With all the noise going on elsewhere in the wealthy world of white- ball cricket, it is easy to miss a small revolution taking place in a territory that since 2003 has become something of a backwater.
On Sunday, Zimbabwe pulled off a great run chase for the second time in three days to beat Bangladesh by five wickets and take a winning 2-0 lead in a three-match ODI series, which closes in Harare on Wednesday.
It followed hard on the heels of a 2-1 T20I series win over the same opponents and a convincing qualification for the T20 World Cup later this year.
At the heart of these successes is one man, a 36-year-old all-rounder whose boyhood dream lay not on the cricket field but in the skies, as a fighter pilot in the Pakistani Air Force (PAF).
“The things that Sikandar Raza has been doing in recent weeks with the bat deserve wider recognition. Back to back ODI centuries. #ZIMvBAN,” tweeted former West Indies fast bowler Ian Bishop, suggesting that Raza is the new (not quite so young) kid on the block.
Batting in the middle order, Raza has been in outstanding form.
On Sunday, he creamed 117* and shared a match-winning partnership of 201 with Regis Chakabva, who made 102. Two days earlier Raza struck 135* and shared a 192-run partnership with the inexperienced Innocent Kaia, who hit his maiden ODI century.
But that is only half the tale. In the space of four weeks, Raza has rattled up 607 runs across formats at an average of 101.16, with four half-centuries to add to those two hundreds.
With his off-spin, he has also picked up 11 wickets at 22.18 apiece, and took 4-8 against the Netherlands in the final of the T20 World Cup qualifiers.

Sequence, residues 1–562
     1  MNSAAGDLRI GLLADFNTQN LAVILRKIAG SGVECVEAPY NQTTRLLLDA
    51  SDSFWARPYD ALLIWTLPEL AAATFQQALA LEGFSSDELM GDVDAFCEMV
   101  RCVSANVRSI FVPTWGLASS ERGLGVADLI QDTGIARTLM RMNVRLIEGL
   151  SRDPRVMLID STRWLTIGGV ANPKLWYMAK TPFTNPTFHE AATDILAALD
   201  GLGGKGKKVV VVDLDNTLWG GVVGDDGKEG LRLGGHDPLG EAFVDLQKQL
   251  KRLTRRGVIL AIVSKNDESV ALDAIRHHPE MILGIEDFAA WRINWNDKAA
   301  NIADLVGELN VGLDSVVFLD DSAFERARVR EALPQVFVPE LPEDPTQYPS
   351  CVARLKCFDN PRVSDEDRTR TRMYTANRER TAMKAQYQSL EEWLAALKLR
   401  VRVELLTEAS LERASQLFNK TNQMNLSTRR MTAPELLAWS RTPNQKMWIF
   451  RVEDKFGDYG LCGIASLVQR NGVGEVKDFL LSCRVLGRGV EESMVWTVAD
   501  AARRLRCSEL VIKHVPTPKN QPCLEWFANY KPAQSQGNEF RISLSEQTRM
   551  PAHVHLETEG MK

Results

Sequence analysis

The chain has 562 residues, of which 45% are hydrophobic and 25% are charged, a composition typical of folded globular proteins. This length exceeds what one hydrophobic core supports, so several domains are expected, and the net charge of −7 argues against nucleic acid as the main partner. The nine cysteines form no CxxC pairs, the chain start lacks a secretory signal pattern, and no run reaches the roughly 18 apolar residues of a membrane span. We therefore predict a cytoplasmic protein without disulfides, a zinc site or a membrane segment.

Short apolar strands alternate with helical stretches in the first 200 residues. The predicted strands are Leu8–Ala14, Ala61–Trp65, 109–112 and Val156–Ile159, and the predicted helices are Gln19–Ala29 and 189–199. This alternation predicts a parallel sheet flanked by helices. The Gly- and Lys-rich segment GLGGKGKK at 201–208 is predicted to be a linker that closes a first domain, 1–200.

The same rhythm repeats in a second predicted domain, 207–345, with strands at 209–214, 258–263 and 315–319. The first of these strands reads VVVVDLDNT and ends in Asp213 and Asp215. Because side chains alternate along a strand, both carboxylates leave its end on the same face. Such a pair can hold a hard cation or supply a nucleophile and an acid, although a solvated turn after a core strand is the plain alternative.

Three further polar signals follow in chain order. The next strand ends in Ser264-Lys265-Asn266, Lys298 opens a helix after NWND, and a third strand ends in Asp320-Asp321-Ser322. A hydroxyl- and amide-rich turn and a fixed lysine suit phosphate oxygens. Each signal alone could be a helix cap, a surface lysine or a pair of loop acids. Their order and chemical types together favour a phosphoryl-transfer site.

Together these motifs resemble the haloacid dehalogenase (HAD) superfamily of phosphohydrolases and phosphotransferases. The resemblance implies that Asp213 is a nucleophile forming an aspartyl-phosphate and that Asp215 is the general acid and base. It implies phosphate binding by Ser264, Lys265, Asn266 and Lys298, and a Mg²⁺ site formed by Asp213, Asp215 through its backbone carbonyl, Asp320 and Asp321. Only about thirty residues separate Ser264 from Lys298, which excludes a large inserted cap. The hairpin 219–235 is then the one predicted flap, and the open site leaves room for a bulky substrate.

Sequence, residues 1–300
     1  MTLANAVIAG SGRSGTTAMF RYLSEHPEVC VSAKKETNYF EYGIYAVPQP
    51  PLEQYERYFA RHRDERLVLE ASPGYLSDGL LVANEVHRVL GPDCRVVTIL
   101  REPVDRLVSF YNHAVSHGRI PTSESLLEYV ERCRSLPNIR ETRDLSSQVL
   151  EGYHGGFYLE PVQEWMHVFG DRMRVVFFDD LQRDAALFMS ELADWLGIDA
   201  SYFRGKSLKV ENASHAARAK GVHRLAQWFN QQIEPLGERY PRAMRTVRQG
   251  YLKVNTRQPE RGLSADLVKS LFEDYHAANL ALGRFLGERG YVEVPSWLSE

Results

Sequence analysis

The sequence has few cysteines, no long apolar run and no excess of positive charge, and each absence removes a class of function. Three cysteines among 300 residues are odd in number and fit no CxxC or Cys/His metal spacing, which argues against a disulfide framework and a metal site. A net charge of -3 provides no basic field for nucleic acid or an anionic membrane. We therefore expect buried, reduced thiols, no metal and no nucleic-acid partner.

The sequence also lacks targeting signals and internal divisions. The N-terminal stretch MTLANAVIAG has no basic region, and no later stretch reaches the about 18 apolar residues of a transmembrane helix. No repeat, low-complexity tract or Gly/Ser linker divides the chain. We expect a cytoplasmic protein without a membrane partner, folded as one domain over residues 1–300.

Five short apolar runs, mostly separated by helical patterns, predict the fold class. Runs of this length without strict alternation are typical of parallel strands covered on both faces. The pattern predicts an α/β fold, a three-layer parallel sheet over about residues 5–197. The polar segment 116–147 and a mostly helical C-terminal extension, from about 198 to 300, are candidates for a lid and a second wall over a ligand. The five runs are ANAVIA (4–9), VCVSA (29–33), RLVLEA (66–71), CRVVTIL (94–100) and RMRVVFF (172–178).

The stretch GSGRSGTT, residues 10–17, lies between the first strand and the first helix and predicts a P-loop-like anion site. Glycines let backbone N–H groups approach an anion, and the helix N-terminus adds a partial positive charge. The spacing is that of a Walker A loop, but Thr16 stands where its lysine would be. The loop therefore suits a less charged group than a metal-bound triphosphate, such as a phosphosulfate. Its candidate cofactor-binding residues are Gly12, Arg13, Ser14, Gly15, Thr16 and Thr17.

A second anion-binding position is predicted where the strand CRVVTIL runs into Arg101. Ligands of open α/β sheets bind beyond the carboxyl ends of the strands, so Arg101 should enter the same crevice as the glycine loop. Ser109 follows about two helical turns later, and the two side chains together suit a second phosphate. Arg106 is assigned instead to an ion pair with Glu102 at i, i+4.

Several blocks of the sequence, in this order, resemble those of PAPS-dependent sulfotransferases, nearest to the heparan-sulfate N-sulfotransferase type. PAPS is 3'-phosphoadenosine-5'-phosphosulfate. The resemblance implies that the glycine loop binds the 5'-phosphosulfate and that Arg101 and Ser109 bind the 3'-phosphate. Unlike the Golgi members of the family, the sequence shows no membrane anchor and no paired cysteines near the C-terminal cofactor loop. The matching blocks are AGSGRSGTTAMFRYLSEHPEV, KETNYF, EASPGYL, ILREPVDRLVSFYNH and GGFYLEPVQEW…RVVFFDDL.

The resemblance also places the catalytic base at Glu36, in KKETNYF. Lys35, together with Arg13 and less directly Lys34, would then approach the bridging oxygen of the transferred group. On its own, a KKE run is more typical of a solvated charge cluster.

At the age of 36, when many players are considering retirement, Raza has become an ‘overnight’ success.
Born in Pakistan and arriving in Zimbabwe with his parents in 2002, he never had thoughts of a cricket career, instead spending three years training to be a fighter pilot.
He did not make the final cut because of a glitch in his eyesight, but he credits the experience for his resilience on the pitch and ability to deal with pressure.
“There’s pressure to do well and win the game, I won’t lie,” Raza told ESPNcricinfo last week.
“Of course, it helps that I am from an air force background. We don’t give up. I get hit, I get hurt, broken fingers, toes etc. I don’t care.
“I personally feel it helps spending the three-and-a-half years in PAF college. I will always be a fighter within myself. I couldn’t become a fighter pilot. But. I think as a person, I will always be a fighter.
“The training mentally and physically is paying dividends now.”
That toughness also helped when he had to undergo bone marrow surgery in his right shoulder last year.
Fortunately it was not cancerous but he has had to alter his bowling action, although as recent returns show that does not seem to have posed a problem.
Raza’s rise, which may well lead to the riches of T20 franchise competitions around the world, coincides with the return of the doughty Dave Houghton as coach, an experienced head who played a key role in helping elevate Zimbabwe from associate to Test status in the 1980s and 90s.
“Since Dave came back, we have put a lot of emphasis on a lot of good things and to be able to achieve that, it is such a humbling feeling,” said Raza after Sunday’s win.
With this key combination, the future is looking up for Zimbabwe.
© Agence France-Presse